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  5. "Sie lesen mir ein Buch vor."

"Sie lesen mir ein Buch vor."

Translation:They read me a book.

October 11, 2013



What is the difference of this sentence using "vor" and not using it? What would it be the difference if we have the translation in two different sentences?


vorlesen = to read aloud


Me: stares.... . . . . . . realizes


Ah, thank you. I came to the comments to ask that very thing.


"Vor" hier ist kein Präposition. Es ist teil von das Verb "Vorlesen" z.b. ich lese das Buch vor. Das bedeutet I am reading the book out loud


I don't get the vor in this sentence. There doesn't seem to be a reason for it. What is the purpose of this word in here?


vorlesen is a separable prefix verb meaning to read to sb. i.e., the prefix 'vor' splits off like it does with abfahren and many other verbs like this. (Er fährt ab. Er liest mir vor.)


Would it also be gramatically correct to say "Sie vorlesen mir ein Buch"?


No, there are two types of verb prefixes, separable and non-separable. vor- is a separable prefix, which means that in sentences where the verb is in the second position (like usual when it's the main verb) or the first position (like in questions), the prefix comes off and goes at the end.

vorlesen = to read aloud

Ich lese das Buch vor = I read the book aloud

Ich will das Bach vorlesen = I want to read the book aloud


Sie as you, and sie as they are both correct. Why did you consider sie as you wrong


It would be unusual to find a situation in which you would address this sentence to a "You" - but unusual situations do not usually stop Duo from using a sentence!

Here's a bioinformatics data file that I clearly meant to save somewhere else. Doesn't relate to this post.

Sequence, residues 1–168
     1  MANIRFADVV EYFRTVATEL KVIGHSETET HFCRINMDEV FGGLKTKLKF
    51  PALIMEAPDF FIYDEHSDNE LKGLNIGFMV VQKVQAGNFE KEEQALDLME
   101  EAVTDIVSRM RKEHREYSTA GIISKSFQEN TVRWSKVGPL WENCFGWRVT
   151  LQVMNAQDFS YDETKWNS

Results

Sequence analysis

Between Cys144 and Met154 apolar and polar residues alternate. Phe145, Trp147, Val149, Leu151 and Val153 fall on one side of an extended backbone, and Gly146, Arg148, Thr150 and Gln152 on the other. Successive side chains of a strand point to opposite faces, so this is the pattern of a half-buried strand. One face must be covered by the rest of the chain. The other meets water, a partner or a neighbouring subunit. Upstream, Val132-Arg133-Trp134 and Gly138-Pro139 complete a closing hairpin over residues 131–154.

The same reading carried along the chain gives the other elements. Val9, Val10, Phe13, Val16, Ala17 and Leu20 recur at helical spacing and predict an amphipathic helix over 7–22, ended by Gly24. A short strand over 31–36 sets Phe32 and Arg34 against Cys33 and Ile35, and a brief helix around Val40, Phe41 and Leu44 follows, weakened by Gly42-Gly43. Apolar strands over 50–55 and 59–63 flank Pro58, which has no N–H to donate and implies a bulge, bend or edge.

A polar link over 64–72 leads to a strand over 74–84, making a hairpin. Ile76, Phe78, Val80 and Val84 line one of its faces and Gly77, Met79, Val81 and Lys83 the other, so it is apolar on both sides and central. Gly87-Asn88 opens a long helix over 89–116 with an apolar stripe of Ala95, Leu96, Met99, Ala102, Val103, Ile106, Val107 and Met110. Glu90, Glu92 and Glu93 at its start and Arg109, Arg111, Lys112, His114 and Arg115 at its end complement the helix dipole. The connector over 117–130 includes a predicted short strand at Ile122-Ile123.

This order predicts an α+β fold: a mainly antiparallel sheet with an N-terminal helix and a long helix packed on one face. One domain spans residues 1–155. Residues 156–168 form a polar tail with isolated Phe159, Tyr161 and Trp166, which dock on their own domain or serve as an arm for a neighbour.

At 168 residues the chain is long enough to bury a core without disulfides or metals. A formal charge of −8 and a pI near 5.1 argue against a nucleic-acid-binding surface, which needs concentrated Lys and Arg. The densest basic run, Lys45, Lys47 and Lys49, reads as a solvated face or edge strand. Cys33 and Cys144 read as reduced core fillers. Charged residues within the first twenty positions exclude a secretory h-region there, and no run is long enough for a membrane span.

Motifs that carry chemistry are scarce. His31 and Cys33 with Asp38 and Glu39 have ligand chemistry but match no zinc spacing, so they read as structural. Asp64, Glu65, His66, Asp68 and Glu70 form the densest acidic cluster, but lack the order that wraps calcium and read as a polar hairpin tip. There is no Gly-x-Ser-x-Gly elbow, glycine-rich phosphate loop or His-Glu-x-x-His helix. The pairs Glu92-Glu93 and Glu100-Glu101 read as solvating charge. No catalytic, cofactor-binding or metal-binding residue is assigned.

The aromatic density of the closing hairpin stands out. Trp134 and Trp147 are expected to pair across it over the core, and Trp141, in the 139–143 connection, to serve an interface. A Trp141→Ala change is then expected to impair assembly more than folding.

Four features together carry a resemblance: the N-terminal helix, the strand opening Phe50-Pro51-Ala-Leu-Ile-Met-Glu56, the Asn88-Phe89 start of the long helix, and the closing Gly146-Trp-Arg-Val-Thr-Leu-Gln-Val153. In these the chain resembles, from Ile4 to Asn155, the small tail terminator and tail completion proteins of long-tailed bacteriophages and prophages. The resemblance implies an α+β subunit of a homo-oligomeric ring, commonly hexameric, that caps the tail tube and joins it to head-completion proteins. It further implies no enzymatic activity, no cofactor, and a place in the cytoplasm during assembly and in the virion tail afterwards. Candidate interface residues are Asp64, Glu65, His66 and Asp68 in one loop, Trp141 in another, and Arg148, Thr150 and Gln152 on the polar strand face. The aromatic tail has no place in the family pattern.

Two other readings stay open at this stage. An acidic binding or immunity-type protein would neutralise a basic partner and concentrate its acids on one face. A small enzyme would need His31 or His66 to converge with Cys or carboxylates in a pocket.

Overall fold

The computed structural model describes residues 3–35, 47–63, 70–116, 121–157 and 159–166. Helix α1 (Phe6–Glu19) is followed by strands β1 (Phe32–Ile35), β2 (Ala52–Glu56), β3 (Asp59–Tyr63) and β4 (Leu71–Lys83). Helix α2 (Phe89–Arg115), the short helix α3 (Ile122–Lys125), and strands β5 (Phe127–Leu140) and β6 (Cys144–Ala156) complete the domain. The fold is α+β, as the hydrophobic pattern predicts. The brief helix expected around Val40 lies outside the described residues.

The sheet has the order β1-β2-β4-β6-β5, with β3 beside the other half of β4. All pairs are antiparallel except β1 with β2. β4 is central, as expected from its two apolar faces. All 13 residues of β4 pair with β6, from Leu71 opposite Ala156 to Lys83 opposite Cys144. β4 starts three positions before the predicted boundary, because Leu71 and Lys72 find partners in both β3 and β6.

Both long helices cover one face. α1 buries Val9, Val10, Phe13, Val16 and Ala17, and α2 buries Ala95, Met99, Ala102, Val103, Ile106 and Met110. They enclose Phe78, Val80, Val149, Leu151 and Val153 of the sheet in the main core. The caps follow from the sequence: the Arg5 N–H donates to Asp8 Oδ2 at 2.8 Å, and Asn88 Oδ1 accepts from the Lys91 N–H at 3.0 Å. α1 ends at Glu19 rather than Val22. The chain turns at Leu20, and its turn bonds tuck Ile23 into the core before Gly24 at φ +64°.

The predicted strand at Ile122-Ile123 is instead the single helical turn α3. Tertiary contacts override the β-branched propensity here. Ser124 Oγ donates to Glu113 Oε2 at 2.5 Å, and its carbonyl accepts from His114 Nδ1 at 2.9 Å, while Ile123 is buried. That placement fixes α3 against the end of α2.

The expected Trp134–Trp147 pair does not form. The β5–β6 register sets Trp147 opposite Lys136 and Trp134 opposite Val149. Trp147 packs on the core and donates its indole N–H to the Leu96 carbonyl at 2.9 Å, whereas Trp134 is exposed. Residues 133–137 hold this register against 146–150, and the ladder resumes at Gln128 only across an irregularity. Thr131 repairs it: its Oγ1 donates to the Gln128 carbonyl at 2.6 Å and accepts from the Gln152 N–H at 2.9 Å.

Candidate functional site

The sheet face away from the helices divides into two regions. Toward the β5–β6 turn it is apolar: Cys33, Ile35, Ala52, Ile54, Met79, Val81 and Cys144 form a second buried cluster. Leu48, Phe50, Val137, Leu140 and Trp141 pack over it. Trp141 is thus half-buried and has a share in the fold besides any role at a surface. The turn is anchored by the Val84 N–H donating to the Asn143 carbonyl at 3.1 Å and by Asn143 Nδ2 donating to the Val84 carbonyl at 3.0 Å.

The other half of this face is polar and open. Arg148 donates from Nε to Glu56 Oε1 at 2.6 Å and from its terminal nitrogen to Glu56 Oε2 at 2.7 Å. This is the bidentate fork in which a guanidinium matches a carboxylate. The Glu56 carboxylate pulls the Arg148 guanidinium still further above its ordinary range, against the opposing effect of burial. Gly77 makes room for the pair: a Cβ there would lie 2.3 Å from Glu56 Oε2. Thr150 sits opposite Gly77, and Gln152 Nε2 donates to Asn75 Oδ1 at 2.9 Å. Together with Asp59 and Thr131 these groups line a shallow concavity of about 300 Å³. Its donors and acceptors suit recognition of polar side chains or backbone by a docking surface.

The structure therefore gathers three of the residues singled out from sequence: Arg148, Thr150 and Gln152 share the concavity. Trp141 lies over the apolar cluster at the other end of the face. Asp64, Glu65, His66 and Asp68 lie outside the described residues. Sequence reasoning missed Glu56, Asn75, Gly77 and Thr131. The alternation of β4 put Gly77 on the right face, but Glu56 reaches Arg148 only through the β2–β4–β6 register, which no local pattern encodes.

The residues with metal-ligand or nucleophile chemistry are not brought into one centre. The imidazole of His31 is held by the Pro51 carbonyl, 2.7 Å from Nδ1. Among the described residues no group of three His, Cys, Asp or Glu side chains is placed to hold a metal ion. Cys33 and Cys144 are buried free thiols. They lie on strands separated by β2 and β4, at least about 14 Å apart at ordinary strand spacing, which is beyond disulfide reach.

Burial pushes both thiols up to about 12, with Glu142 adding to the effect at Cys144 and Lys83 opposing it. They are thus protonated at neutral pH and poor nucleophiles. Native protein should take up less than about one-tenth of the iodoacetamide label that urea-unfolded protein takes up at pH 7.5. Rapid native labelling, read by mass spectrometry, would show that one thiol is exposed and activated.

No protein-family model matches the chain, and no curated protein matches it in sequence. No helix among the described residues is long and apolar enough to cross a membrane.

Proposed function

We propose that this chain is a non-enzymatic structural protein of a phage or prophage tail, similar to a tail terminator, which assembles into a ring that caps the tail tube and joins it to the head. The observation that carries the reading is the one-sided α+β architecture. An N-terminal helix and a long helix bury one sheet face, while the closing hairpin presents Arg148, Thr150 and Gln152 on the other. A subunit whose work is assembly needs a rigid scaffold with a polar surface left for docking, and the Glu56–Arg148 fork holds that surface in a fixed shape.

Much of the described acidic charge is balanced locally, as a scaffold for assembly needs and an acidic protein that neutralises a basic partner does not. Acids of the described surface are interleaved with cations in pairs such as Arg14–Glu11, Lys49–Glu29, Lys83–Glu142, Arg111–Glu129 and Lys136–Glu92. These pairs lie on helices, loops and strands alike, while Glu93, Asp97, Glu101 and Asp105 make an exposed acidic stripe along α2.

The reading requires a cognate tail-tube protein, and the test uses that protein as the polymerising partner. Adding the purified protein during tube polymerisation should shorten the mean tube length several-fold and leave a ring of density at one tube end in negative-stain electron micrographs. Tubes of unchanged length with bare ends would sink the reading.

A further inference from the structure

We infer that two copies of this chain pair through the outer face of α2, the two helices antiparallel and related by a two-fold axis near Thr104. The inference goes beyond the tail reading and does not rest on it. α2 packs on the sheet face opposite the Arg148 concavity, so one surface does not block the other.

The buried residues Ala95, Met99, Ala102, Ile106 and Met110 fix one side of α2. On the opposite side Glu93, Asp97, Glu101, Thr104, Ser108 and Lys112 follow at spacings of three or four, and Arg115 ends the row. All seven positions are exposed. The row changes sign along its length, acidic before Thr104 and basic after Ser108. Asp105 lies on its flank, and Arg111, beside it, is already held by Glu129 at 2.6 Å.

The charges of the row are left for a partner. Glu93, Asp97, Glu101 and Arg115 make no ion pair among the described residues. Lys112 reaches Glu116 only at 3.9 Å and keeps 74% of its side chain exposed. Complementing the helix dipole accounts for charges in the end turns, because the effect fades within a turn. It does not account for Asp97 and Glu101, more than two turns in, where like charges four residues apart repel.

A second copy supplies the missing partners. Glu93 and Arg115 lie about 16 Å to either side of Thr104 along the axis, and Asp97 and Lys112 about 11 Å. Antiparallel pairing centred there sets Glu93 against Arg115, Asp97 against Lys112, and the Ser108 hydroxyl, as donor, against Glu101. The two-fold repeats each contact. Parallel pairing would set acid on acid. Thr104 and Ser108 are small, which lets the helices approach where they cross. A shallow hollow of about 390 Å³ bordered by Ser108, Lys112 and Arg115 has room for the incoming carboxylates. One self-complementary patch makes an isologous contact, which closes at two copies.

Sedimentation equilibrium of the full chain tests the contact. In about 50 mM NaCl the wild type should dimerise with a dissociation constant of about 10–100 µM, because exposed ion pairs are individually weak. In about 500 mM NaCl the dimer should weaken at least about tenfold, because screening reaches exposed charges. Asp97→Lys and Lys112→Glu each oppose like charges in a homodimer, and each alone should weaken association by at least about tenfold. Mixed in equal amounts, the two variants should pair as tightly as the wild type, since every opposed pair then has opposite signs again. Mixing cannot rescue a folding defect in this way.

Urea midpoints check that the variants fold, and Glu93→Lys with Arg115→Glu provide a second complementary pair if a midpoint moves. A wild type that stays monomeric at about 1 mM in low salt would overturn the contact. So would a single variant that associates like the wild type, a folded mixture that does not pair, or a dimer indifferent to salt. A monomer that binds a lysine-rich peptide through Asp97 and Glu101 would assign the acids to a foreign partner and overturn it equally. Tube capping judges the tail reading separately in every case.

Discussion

'Sie' as you would be correct considering that it is in the beginning of the sentence and thus lesen does not necessarily mean Sie is they,but it's a little unusual to use a formal You when that 'You' is reading a book to you!haha


I have small children, and they frequently use the phrase, "Mommy, you read me a book".


Again, it would be helpful if Duolingo had a grammar section that explained verbs that get split up (as I understand from the comments here, "vorlesen") & where to put the particles in a sentence.


I was completly wrong with my answer "They read me like a book" but now I wonder how to say that in german. Sie lesen mir wie ein Buch" ?


I think it would be "Sie lesen mich wie ein Buch" since the "me" in this case would take the accusative case not the dative case as you now are the object of sentence.


Why isn't it mich instead of mir?


>"Sie lesen mir ein Buch vor." = "They read me a book.

In this sentence, "the book" is the direct object, so it takes the accusative case.
"Me" is the indirect object, so it takes the dative -- mir (not the accusative which would be mich.)


I forgot to look at the verb and wrote "she reads me a book", and it said it was right bit had a typo! =-O It's not that I'm disappointed not to loose a heart... but I don't think that it could mean she in that sentence


dang it! the answer says aloud!

  • 2389

I wrote, "They read me a book aloud," and it was marked wrong.


    This is since accepted.


    i wrote ''they are reading a book to me outloud'', it wasnt accepted but i still think it is right,dont you think?


    Sorry that's not right. There is no English word 'outloud'. It's aloud or out loud (2 words).


    Well, I said "They are reading a book to me aloud" (vorlesen = to read aloud) and got marked wrong!!!! What? How can that be wrong?


    Me,too. I said, They are reading me a book out loud, and don't understand why it was marked wrong. Aloud was one of the choices the gave for vor...


      This is since accepted.


      I said: "You read out loud a book to me" and it was marked wrong.


      mir sounds like wir


      Why is not 'She is reading me a book?'

      • 2389

      She reads (she is reading) = Sie liest

      They read (they are reading) = Sie lesen


      So 'vor' isn't a preposition here? I noticed they used 'ein' not 'einem'. Is that correct?


      Have you read the two top comments before posting?


      For those wondering, "aloud" is the same as "out loud" in English, so if you are like me and lost a heart for that do not feel bad : )